THE HIGH GROUND

A brand-new space opera set in a fu­ture world of po­lit­i­cal in­trigue and alien threats, by the scriptwriter of Star Trek: The Next Gen­er­a­tion. Em­peror’s daugh­ter Mercedes and scholarship boy Tracy have just ar­rived at The High Ground mil­i­tary academy, wher

SFX: The Sci-Fi and Fantasy Magazine - - First Read - By Melinda Sn­od­grass

They were fly­ing closer to the Apex cos­mó­dromo. The space sta­tion was im­mense. There was a fat cen­tral hub that ex­tended above and be­low the cen­tral ring. Four large spokes at­tached the bul­bous ring to the hub, and eight mas­sive ca­bles stretched from the cen­tral ring to the top and bot­tom of the hub. Two stubby legs jut­ted out from the base of the hub in a V shape. Each cylin­der ended in two round pill-like struc­tures that looked to be about four sto­ries high. Ex­tend­ing from the top third of the hub were vast so­lar ar­rays com­prised of in­ter­link­ing hexag­o­nal pan­els like glit­ter­ing blue and gold wings. They gave the il­lu­sion that the cos­mó­dromo was some kind of ex­otic space­far­ing in­sect.

Tracy knew that one of those cir­cu­lar struc­tures at the base of the hub held the academy. The other held the cos­mó­dromo’s plant fa­cil­i­ties – wa­ter re­cy­cling, oxy­gen pro­duc­tion, waste dis­posal, and the fields that grew fresh food to help pro­vide oxy­gen and also re­cy­cle the waste as fer­til­izer. The fresh food grown there also landed on the tables of the res­tau­rants that served trav­el­ers, the stu­dents and the alien sup­port staff of the cos­mó­dromo.

The ring was ba­si­cally an up­scale space­port for those mak­ing their way from dis­tant worlds to the League cap­i­tal or trans­fer­ring onto ships to other worlds. In ad­di­tion to res­tau­rants and stores there were also ho­tels, casi­nos, and joy houses, which were tech­ni­cally il­le­gal on a planet’s sur­face, but com­pletely le­gal on a cos­mó­dromo or at a mil­i­tary Es­trella Avan­zada or “star port” as the aliens termed them.

They were again in the midst of traf­fic. Every­thing from wal­low­ing, fat-bel­lied freighters to el­e­gant rac­ing pin­naces, lux­ury space lin­ers and util­i­tar­ian shut­tles. All were dwarfed by the cos­mó­dromo. The ships con­verged on the Apex cos­mó­dromo like sil­ver bees re­turn­ing from a day’s la­bor, and van­ished into the hive of dock­ing bays. Their shut­tle broke away from the pack and headed to­ward the dock­ing bays that lined the cir­cum­fer­ence of the mod­ule hous­ing The High Ground.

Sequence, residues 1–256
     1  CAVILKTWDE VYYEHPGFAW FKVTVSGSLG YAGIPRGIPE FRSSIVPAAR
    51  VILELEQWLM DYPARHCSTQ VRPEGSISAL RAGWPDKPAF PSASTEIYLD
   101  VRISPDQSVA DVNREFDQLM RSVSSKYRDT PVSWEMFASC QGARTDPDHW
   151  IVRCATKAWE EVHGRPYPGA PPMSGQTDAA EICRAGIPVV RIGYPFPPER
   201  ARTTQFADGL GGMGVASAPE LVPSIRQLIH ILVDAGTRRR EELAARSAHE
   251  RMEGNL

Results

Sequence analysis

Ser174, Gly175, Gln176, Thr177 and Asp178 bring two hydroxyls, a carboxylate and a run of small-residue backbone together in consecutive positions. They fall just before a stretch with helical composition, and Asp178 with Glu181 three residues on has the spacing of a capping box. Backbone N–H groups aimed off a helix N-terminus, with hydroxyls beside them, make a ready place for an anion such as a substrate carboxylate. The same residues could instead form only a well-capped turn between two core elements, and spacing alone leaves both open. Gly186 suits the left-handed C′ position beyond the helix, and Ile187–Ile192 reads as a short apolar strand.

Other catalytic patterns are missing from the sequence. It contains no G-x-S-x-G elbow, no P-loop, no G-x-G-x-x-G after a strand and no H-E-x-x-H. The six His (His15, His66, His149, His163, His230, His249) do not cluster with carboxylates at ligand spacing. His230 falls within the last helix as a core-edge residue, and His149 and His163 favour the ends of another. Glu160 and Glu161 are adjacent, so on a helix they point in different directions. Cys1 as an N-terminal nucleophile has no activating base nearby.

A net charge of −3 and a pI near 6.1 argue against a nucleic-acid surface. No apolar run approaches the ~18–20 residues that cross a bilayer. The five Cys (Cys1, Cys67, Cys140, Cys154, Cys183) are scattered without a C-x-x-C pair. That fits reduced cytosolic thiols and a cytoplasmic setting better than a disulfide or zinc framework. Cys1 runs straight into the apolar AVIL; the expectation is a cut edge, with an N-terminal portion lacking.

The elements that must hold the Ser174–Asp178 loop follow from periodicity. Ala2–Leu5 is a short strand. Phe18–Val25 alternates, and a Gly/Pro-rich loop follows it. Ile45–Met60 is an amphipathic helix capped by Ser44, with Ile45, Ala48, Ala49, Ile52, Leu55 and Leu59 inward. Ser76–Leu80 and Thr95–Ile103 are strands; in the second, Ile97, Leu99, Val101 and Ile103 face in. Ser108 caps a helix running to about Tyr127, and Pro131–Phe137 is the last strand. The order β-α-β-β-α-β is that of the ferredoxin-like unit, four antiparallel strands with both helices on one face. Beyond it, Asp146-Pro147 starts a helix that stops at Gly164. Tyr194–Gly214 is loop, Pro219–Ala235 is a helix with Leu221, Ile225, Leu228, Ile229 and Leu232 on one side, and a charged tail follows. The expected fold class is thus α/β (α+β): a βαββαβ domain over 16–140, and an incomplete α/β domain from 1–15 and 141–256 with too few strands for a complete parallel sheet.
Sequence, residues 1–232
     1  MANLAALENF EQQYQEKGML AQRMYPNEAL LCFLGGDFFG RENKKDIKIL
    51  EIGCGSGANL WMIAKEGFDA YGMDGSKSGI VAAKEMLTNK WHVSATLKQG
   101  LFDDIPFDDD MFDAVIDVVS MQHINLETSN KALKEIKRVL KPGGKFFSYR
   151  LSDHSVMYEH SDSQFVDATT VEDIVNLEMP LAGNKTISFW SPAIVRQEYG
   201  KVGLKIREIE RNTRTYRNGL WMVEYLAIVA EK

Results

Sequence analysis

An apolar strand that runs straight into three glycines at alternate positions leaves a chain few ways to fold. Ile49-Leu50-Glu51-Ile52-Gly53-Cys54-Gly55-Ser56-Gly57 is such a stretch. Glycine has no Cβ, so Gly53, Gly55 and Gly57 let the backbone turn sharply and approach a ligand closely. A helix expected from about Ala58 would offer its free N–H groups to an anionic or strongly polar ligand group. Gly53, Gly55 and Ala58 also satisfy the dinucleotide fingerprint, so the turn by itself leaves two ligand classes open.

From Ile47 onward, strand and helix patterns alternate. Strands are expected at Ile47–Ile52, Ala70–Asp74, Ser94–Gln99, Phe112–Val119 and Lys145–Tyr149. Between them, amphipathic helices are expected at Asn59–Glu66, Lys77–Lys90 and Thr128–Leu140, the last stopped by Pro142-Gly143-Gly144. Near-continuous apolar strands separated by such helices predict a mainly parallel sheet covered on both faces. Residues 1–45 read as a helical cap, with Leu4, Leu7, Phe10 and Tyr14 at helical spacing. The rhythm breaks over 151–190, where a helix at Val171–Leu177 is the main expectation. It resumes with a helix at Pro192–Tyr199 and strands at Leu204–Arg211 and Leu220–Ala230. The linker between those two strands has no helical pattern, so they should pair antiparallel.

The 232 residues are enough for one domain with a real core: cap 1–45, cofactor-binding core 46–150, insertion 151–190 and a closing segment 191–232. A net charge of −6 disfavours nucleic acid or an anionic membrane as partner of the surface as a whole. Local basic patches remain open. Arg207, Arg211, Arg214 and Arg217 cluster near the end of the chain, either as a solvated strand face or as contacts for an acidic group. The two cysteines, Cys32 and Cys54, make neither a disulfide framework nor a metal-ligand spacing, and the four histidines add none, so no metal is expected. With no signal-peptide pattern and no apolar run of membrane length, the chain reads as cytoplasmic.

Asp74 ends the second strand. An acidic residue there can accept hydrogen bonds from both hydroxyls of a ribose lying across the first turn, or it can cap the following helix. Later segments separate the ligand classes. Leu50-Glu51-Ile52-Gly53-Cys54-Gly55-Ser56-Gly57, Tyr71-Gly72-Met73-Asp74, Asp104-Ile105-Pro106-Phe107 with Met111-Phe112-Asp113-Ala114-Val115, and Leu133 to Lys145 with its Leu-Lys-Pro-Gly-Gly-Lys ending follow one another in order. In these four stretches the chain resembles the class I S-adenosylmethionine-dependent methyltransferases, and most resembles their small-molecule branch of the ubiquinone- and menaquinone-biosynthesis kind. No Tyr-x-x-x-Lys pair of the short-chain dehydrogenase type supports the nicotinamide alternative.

The klaxon sounded, three sharp bleats. Front thrusters fired and the shut­tle slowly slipped into a bay.

He had made it. Now he just had to re­ally make it.

They had been met on the shut­tle by an es­trella hom­bre who had told them he would guide them to the quad­ran­gle for muster. He had taken the lead and Mercedes and her ladies trailed af­ter him like des­per­ate duck­lings. The metal deck­ing rang be­neath their boot heels, the sound driv­ing like a spike into Mercedes’ tem­ples and mak­ing her nau­sea worse. She had not en­joyed zero gee. Only Su­miko had man­aged the flight with­out vom­it­ing.

They were led down a curv­ing cor­ri­dor, through an­other set of slid­ing doors and into a flag­stoned court­yard with a view­ing plat­form at one end and jet col­umns all around the sides. It was filled with a seething mass of young men in uni­form. Their voices were a ris­ing and fall­ing cadence of bass and tenor sounds with an oc­ca­sional out­break of ner­vous high-pitched laugh­ter.

That was when she saw him. It was the boy from the beach. His back was against a col­umn as if try­ing to merge into the stone. His fair hair stood out against the dark sur­face, and his uni­form was a cheap pale blue un­like the mid­night blue of the oth­ers. A scholarship boy. He turned his head and looked at her, and Mercedes held her breath, but not by the

The klaxon sounded, three sharp beats. Now he just had to re­ally make it

small­est quiver of a mus­cle did he in­di­cate that he knew her. She felt her­self re­lax. Then her view of Tracy was blocked by an ex­panse of chest.

“High­ness,” the man said, and kissed her hand. The green eyes were danc­ing with en­joy­ment as he glanced at her from be­neath his lashes.

“Hello, Boho.” Mercedes wasn’t a small woman, but Beau­re­gard Hono­rius Sin­clair Cullen al­ways made her feel so. “Let me be the first to wel­come you.” “I rather think that honor be­longs to the com­man­dant, not a mere cadet,” she said dryly, and was pleased when his cheeks turned a dull red. Boho’s con­ceit was leg­endary.